When the coronavirus epidemic brought performances to a screeching halt across the United States, many of the country’s leading orchestras, dance companies and opera houses temporarily cut their workers’ wages and some stopped paying them.
Now, hopes that vaccines will restore performance next fall are tempered by fears that hibernating box offices will take years to rebound, and many battered institutions are looking to their unions to negotiate cuts. longer term than they deem necessary to survive.
The crisis poses a major challenge to performing arts unions, which over the past decades have been among the most powerful in the country. While musicians from some major ensembles, including the New York Philharmonic and the Boston Symphony Orchestra, have accepted steep cuts that would have been unthinkable under normal circumstances, others are resisting. Some unions fear that the concessions sought will last longer than the pandemic and restore the balance of power between management and workers.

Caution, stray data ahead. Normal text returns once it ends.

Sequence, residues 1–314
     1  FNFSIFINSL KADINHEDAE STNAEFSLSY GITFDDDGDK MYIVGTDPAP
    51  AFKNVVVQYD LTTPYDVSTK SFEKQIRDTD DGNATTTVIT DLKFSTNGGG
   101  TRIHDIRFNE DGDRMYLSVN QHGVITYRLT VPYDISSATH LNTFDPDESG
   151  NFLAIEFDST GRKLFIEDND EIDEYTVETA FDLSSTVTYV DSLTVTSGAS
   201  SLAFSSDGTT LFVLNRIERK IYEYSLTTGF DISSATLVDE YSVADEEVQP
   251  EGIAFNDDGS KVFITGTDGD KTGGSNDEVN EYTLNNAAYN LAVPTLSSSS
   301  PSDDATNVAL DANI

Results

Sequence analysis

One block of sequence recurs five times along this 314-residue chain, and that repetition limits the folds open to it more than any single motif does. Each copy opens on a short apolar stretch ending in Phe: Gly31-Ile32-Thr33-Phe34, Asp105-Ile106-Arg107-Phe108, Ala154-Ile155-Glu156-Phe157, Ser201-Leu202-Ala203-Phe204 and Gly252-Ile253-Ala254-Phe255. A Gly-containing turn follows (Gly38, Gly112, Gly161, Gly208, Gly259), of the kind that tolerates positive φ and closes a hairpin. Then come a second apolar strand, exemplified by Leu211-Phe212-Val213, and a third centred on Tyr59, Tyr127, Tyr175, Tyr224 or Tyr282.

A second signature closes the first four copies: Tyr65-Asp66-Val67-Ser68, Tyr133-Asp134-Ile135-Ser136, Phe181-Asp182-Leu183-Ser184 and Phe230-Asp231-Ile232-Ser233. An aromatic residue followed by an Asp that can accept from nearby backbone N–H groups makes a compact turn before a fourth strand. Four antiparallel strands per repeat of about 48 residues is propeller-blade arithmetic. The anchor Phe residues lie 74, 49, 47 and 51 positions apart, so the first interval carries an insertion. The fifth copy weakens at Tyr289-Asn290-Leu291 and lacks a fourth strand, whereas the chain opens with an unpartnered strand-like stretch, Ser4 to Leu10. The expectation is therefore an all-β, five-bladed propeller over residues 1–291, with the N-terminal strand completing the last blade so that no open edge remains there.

“Historically, collective agreements in the performing arts have evolved into more money and better terms,” said Thomas W. Morris, who has conducted major orchestras in the United States for more than three decades. “And all of a sudden, that’s not an option. It‘s a fundamental change in the model. “
Nowhere is the tension between unions and management more intense than at the Metropolitan Opera, the largest performing arts organization in the country. Its artists and other workers, many of whom have been on unpaid leave since April, are resisting management’s offer to resume receiving reduced wages of up to $ 1,500 per week in exchange for long-term pay cuts and rule changes. of work. After failing to come to an agreement with its technicians, the company locked them out last week, shortly before others returned to work to start building sets for next season.